How Secure is Your Email?
As recently as a couple of years ago, most email services did not encrypt the contents of your emails. This has changed in the past few years so that all large email vendors encrypt email messages. Despite this, email remains a major vulnerability on the Internet as scammers continue to use phishing and other attacks to rob their victims. Furthermore, even secure email vendors such as Google may allow other parties to get access to parts of your email. You should assume that your email has limited security.
The Value of Temporary and Disposable Email Services
There are good reasons to (sometimes) use a temporary/annonymous email service to send and receive emails:
To avoid spam:
When you register for a website that requires a valid email address, using a temporary email service allows you to avoid using your real email address, which might otherwise be sold/compromised by the web site you are visiting.
To protect your identity (for example when contacting buyers and sellers on Craigslist):
Even though sites such as Craigslist hide your real email address initially, once contact is made between buyer and seller, eventually you may need to divulge more information. The use of a temporary email address allows you to set a time limit on how long the other party can contact you.
To figure out who is selling your email address:
When you register on a website that requires an email address, you can make the name of that website part of your temporary email address. If spam emails arrive at that address, you can be fairly certain that the website you visited sold your email address to a 3rd party.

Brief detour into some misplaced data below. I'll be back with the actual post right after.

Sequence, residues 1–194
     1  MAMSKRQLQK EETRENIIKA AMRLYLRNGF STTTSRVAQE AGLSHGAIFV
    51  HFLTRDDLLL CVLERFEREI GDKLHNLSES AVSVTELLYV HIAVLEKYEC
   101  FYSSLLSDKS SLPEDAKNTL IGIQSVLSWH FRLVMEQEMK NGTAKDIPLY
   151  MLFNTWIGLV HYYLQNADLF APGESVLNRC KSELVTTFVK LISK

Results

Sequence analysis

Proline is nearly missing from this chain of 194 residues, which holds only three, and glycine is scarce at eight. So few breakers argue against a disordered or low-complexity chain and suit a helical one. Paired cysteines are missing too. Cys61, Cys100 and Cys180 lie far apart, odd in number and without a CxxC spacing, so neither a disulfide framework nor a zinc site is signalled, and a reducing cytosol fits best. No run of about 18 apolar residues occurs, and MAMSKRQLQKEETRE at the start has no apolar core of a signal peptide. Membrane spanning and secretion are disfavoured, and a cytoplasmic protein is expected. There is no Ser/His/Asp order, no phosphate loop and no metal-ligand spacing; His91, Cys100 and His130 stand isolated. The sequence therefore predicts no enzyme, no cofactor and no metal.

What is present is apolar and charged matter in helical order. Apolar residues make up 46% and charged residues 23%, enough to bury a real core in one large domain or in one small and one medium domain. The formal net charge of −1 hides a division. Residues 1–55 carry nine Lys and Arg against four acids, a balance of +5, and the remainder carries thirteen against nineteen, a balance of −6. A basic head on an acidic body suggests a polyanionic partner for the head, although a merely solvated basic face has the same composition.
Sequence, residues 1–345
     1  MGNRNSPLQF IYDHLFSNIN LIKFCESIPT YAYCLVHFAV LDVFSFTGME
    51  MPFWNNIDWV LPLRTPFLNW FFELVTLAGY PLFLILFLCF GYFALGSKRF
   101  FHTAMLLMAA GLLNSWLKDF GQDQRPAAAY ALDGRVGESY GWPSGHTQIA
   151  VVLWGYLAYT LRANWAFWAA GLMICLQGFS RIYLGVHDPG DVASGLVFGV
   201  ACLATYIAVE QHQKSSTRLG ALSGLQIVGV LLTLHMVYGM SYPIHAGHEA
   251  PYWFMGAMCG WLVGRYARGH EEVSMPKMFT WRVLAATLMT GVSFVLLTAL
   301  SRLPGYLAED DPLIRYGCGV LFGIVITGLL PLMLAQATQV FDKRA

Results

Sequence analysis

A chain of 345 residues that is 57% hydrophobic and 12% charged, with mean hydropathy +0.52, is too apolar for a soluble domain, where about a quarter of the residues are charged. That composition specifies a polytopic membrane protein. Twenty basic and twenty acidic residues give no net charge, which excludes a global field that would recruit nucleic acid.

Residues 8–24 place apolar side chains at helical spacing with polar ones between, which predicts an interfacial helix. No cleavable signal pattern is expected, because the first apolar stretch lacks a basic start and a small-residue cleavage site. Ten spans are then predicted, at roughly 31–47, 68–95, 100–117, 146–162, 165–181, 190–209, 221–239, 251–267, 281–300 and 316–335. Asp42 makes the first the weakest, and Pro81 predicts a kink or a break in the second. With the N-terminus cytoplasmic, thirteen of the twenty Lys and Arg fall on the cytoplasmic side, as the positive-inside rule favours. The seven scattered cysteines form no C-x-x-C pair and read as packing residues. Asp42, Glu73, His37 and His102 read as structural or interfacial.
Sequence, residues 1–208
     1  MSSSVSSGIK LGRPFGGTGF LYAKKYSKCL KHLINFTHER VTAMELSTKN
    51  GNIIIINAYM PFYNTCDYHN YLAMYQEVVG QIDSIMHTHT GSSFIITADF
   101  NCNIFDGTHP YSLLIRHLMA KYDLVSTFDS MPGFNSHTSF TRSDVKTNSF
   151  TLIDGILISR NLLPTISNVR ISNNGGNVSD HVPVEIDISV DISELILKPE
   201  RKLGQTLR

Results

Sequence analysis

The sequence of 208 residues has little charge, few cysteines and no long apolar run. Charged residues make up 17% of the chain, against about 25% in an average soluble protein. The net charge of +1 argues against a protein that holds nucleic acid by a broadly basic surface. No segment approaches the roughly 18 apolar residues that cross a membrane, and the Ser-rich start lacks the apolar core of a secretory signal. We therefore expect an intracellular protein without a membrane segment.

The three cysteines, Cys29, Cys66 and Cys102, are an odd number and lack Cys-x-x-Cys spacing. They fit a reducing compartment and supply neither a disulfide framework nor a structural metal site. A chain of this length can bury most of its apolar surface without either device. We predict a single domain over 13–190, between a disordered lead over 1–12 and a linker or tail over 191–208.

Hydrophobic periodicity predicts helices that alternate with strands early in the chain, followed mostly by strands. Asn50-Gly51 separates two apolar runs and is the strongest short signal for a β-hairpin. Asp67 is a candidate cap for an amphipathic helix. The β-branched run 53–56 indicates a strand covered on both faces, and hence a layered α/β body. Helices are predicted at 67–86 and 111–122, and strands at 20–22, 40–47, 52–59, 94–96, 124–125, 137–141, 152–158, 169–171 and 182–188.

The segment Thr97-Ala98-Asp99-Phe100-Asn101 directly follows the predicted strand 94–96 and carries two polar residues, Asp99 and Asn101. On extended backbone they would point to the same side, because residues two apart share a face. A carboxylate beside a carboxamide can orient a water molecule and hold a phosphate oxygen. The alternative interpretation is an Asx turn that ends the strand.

Of course, hackers and scammers also have access to these temporary email tools. They can use them to maintain their annonymity while conducting their fradulent business.
Some providers of annonymous email services are listed below:
- Guerrilla Mail - https://www.guerrillamail.com/
- Temp Mail - https://temp-mail.org/en/
- Fake Inbox - http://www.fakeinbox.com/
- Nada - https://getnada.com
Email Data Mining: The Wall Street Journal Raises Privacy Questions Surrounding GMail
The following is an excerpt taken from a Wall Street Journal article that appeared in 2018.
By Douglas MacMillan
July 2, 2018 11:14 a.m. ET
Google said a year ago it would stop its computers from scanning the inboxes of Gmail users for information to personalize advertisements, saying it wanted users to “remain confident that Google will keep privacy and security paramount.” But the internet giant continues to let hundreds of outside software developers scan the inboxes of millions of Gmail users who signed up for email-based services offering shopping price comparisons, automated travel-itinerary planners or other tools. Google does little to police those developers, who train their computers—and, in some cases, employees—to read their users’ emails, a Wall Street Journal examination has found.
Activity: Send e-mail using Python
- Look at your email server settings. Update this info in your Python file.
- Use Python to send email to multiple people.
- Read the list of people you want to email from a separate file when sending email to multiple people.
- Personalize the email for each recipient.
Questions for Discussion
Do some additional research to help you answer the following questions:
- What could you do to ensure additional privacy when sending e-mail?
- What expectation of privacy do you have when sending e-mail?
- How could you automate e-mailing many people?
- Why do e-mail services “read” your e-mail? What is their goal?